<!element title - o (%inline, subtitle?) +(newline)>
  <!element subtitle - o (%inline)>
  <!usemap oneline titlepag>
  <!element author - o (name, thanks?, inst?,
                          (and, name, thanks?, inst?)*)>
  <!element name o o (%inline) +(newline)>
  <!element and - o empty>
  <!element thanks - o (%inline)>
  <!element inst - o (%inline) +(newline)>
  <!element date - o (#pcdata) >

  <!usemap global thanks>

  <!element newline - o empty >
  <!entity nl "<newline>">

  <!-- Hacked by mdw -->
  <!element abstract - o (%inline)>
  <!usemap oneline abstract>


  <!element toc - o empty>
  <!element lof - o empty>
  <!element lot - o empty>
  <!element header - - (lhead, rhead) >
  <!element lhead - o (%inline)>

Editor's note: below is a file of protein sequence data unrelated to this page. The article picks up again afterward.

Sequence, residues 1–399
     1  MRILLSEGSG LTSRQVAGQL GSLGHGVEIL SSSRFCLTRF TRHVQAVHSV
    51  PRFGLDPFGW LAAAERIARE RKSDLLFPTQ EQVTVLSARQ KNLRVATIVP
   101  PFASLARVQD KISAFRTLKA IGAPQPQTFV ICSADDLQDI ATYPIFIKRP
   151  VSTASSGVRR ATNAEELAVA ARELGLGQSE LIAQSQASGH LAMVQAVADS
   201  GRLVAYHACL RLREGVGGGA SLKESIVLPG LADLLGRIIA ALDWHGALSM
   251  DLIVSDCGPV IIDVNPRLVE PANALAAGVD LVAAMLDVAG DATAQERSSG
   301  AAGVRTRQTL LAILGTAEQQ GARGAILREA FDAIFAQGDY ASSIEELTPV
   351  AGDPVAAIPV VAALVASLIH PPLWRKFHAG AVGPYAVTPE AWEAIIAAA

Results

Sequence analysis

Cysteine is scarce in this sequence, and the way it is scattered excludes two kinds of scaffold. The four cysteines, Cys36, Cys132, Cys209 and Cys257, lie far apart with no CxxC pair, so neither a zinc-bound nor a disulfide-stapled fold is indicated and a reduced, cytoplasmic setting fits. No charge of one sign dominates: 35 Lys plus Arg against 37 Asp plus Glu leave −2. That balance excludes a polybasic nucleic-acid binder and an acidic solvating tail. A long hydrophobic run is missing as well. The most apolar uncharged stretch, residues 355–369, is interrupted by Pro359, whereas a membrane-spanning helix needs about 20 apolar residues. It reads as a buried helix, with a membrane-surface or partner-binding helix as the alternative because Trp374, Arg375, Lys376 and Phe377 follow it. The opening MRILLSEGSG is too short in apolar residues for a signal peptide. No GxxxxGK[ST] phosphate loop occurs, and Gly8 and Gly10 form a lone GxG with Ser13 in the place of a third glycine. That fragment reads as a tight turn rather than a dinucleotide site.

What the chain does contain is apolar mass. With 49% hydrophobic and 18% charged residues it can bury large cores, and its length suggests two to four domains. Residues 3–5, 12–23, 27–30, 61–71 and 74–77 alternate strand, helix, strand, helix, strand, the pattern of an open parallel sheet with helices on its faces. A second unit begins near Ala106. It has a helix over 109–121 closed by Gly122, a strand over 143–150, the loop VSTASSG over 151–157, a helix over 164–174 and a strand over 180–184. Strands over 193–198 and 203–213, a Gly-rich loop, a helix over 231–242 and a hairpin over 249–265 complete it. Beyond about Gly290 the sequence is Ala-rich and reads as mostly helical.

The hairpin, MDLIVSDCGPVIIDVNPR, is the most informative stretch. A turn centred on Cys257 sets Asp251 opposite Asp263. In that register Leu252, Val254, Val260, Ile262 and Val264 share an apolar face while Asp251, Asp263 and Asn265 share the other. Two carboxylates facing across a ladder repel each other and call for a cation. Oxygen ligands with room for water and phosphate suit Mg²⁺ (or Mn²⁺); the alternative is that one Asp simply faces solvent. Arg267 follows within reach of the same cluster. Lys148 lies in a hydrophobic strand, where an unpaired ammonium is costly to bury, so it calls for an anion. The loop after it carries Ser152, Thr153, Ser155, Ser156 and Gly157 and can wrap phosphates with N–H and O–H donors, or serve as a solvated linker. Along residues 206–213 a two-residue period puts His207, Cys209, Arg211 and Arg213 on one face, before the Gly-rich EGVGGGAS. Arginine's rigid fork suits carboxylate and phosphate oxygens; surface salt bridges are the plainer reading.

<!element rhead - o (%inline)>
  <!entity % sect "heading, header?, p* " >
  <!element heading o o (%inline)>
  <!element chapt - o (%sect, sect*) +(footnote)>
  <!element sect  - o (%sect, sect1*) +(footnote)>
  <!element sect1 - o (%sect, sect2*)>
  <!element sect2 - o (%sect, sect3*)>
  <!element sect3 - o (%sect, sect4*)>
  <!element sect4 - o (%sect)>
  <!usemap oneline (chapt,sect,sect1,sect2,sect3,sect4)>
  <!element appendix - o empty >
  <!element footnote - - (%inline)>
  <!usemap global footnote>
  <!element cite - o empty>
  <!attlist cite
          id cdata #required>

  <!element ncite - o empty>
  <!attlist ncite
          id cdata #required
          note cdata #required>

  <!element file - - (#pcdata)>

  <!element idx - - (#pcdata)>
  <!element cdx - - (#pcdata)>
  <!element nidx - - (#pcdata)>
  <!element ncdx - - (#pcdata)>

  <!element biblio - o empty>
  <!attlist biblio
          style cdata "linuxdoc"
          files cdata "">
  <!element slides - - (slide*) >

  <!attlist slides
          opts cdata "null">
  <!element slide - o (title?, p+) >
  <!entity  % addr "(address?, email?, phone?, fax?)" >

  <!element letter - -